The Anonymous Widower

Whitechapel Station Reopens On August 23rd

I have been told that Whitechapel station will reopen on Monday, the 23rd of August.

Apparently the station has put it out on Twitter.

When I visited this week and wrote Whitechapel Station – 10th August 2021, I did think that reopening wouldn’t be too far away.

As the station is closed this weekend, I shall be going on Monday to observe the progress.

If Whitechapel station gets handed over to Transport for London in the next few weeks, that will leave just Bond Street and Canary Wharf stations still to be completed.

For a few years now Crossrail have talked about opening without Bond Street station, so will TfL just lock the platform edge doors shut and go for as early opening of Crossrail as possible?

Canary Wharf station could also be treated in the same way.

It would certainly be an option to open Crossrail earlier than expected.

August 12, 2021 Posted by | Transport/Travel | , , | 1 Comment

Prototype Revolution Very Light Rail Vehicle Ready For Testing

The title of this post, is the same as that of this article on Rail Business UK.

It is very much a complete article, which gives full information on the current status of the Revolution VLR very light rail prototype railcar.

  • The railcar is an eighteen metre long bi-directional vehicle.
  • It has capacity for 56 seated passengers and 40 standees. This is more than a double-deck bus load.
  • It has a Cummins diesel-electric power-train.
  • Maximum speed is 65 mph.
  • There is regenerative braking to a battery, which can be used for traction in built-up areas.

I must admit that I am surprised that Revolution VLR is not fully zero-carbon, but as this is a prototype, that is probably a sensible move, as it will be able to test the concept and show the railcar to potential customers.

However, as Cummins are a member of the consortium and they are now embracing hydrogen as an alternative fuel, a zero-carbon hydrogen power-train may be under development, that would be suitable for the Revolution VLR.

When the Revolution VLR consortium was in its early stages I wrote Very Light Rail Research On Track, based on a Railway Gazette article with the same title.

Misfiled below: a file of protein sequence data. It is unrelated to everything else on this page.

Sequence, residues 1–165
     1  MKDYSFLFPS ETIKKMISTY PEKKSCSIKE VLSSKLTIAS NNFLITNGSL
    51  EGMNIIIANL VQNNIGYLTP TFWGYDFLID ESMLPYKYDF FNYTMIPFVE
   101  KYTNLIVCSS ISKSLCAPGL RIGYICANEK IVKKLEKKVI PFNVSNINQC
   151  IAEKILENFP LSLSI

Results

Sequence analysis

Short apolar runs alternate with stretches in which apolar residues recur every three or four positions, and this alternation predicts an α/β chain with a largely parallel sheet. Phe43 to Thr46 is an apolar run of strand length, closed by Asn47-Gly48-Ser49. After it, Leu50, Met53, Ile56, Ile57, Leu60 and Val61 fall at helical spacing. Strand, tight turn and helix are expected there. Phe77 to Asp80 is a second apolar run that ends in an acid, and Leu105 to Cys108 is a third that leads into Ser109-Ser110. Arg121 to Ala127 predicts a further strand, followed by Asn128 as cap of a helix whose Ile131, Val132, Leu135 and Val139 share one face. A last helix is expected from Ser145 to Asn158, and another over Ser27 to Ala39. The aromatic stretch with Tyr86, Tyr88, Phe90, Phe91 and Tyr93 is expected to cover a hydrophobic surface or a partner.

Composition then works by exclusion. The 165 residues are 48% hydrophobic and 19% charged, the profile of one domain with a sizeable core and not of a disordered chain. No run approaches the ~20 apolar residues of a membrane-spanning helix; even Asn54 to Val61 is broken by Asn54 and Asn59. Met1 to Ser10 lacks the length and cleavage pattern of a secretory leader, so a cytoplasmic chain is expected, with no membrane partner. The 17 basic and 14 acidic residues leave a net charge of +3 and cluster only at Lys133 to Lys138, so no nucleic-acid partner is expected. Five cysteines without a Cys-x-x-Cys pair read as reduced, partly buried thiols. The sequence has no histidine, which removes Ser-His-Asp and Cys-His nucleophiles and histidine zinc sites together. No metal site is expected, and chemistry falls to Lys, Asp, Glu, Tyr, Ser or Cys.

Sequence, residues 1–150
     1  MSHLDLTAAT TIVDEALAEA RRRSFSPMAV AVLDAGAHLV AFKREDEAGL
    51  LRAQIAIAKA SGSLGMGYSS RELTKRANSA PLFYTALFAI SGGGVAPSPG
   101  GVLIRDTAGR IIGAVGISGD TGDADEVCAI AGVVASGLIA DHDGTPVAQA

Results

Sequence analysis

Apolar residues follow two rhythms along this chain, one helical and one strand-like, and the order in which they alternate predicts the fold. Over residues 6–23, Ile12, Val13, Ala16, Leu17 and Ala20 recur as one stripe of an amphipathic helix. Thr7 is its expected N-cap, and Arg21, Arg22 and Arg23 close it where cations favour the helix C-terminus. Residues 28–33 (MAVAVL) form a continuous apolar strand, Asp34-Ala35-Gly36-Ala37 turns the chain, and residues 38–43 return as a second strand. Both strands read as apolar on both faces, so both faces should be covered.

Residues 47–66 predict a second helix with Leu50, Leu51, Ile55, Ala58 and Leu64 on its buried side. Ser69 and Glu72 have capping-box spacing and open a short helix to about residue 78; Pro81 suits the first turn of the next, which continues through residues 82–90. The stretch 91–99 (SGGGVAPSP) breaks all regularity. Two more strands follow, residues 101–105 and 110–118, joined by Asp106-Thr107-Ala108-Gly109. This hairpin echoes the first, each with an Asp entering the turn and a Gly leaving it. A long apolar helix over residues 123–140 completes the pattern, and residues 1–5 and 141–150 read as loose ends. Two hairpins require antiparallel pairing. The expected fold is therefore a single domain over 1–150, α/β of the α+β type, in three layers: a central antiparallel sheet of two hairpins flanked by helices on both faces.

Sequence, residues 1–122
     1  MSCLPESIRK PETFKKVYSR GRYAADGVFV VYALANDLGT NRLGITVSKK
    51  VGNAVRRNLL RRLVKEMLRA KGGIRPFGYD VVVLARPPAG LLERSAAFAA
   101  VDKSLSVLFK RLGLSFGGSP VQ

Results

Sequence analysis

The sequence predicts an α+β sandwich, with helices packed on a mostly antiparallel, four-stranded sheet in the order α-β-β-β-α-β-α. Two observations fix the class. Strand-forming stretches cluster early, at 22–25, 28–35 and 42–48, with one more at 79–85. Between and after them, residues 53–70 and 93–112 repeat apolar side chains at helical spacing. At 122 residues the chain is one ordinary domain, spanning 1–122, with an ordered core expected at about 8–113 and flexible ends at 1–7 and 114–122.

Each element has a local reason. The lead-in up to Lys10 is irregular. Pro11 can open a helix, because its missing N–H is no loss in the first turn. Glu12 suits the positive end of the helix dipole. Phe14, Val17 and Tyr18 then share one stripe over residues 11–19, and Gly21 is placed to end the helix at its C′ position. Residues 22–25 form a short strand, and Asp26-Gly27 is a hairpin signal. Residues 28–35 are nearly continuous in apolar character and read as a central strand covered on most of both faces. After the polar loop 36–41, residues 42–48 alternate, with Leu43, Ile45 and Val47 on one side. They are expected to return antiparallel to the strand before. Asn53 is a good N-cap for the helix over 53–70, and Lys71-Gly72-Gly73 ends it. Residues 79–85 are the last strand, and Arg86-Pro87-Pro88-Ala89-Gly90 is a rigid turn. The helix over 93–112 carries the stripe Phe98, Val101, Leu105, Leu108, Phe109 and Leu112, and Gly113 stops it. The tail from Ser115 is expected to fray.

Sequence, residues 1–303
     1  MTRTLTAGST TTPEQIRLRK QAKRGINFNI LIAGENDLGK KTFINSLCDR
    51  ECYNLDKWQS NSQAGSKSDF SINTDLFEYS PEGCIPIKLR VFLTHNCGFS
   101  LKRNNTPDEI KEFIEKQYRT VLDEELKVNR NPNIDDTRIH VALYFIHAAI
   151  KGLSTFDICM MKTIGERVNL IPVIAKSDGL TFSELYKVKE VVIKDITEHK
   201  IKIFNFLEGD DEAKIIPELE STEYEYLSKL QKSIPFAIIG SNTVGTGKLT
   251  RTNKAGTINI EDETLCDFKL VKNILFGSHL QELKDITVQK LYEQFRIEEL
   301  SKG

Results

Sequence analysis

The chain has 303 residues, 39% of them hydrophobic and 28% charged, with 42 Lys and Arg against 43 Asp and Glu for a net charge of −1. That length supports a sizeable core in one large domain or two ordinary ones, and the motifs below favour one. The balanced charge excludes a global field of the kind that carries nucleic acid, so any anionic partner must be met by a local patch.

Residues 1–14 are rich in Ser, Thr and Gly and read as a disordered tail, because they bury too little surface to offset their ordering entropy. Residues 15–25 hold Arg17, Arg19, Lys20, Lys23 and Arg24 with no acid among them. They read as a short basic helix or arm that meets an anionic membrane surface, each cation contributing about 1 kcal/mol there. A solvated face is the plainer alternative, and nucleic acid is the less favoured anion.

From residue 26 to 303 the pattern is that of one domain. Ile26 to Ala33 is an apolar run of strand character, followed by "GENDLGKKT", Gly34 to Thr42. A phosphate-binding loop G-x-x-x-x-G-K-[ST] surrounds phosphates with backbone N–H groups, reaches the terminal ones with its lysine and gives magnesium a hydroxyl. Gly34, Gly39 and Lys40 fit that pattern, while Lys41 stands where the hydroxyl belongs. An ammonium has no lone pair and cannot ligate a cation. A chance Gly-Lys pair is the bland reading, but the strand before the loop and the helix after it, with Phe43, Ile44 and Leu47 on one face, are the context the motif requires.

That earlier article did talk about a problem.

However, the drawback of a lightweight vehicle is that its lower crashworthiness could make it unsuitable for mixed traffic lines.

But the consortium felt that the limitation could be overcome by better traffic management and digital signalling.

Mixed traffic running was also flagged up as a problem by the tram-trains running in Sheffield, but touch wood, they seem to be working well!

Hopefully extensive testing of this prototype will identify any limitations of the concept.

August 12, 2021 Posted by | Transport/Travel | , , , , | Leave a comment

The Crossrail Tunnel Portal At Pudding Mill Lane

This 3D Google Map shows the Crossrail tunnel portal at Pudding Mill Lane.

The Crossrail tunnel portal is in the middle of the image.

  • Pudding Mill Lane station on the DLR is in the top-left corner of the image.
  • The tracks to the right of the portal lead to and from Liverpool Street station.
  • The circular building in the top right of the image is the sewage pumping station for the Queen Elizabeth Olympic Park.

Note the single track on the left side of the portal, which allows Crossrail trains to go to Liverpool Street station.

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August 12, 2021 Posted by | Transport/Travel | , , , , | Leave a comment

Innovation Funding Awarded

The title of this post, is the same as that of a short article in the August 2021 Edition of Modern Railways.

This is the first paragraph.

Developments in passenger information, cutting carbon emissions and electrification are amongst the 30 winners of the latest round of the Department for Transport/Innovate UK’s First Of A Kind (FOaK) competition.

I particularly liked the first innovation mentioned.

Furrer+Frey is proposing a movable overhead conductor rail system for freight terminals which allows electric locomotives to enter them while providing obstruction-free loading and unloading of freight. It says this will remove the current barrier of end-to-end rail freight electrification and end the reliance on diesel traction.

Some years ago, I sat next to a crane driver from the Port of Felixstowe at a football match. At half-time we talked for a few minutes about the problems of overhead wires in ports and freight terminals. As he said “Accidents do happen!”

Furrer+Frey’s idea might be just what is needed to help decarbonise ports and freight terminals.

There is a good description of the project in this article on Rail Business UK, which is entitled Movable Overhead Electrification Aims To Eliminate The Need For Diesel Shunting Locomotives.

This link shows a picture of a similar Furrer + Frey system in a workshop or  train shed.

It appears to be based on proven technology and will be tested at a Tarmac depot in Dunbar.

Furrer+Frey also got a second funding award.

It has also won funding for its innovative composite Mast for Greener Electrification, which could reduce the mass of overhead line electrification masts, as well as the size of foundations, depth of piling and lifting capability of installation machinery.

That sounds like a classic application of Buckminster Fuller’s More With Less Syndrome.

I shall add other awards later.

 

August 12, 2021 Posted by | Transport/Travel | , , , | 1 Comment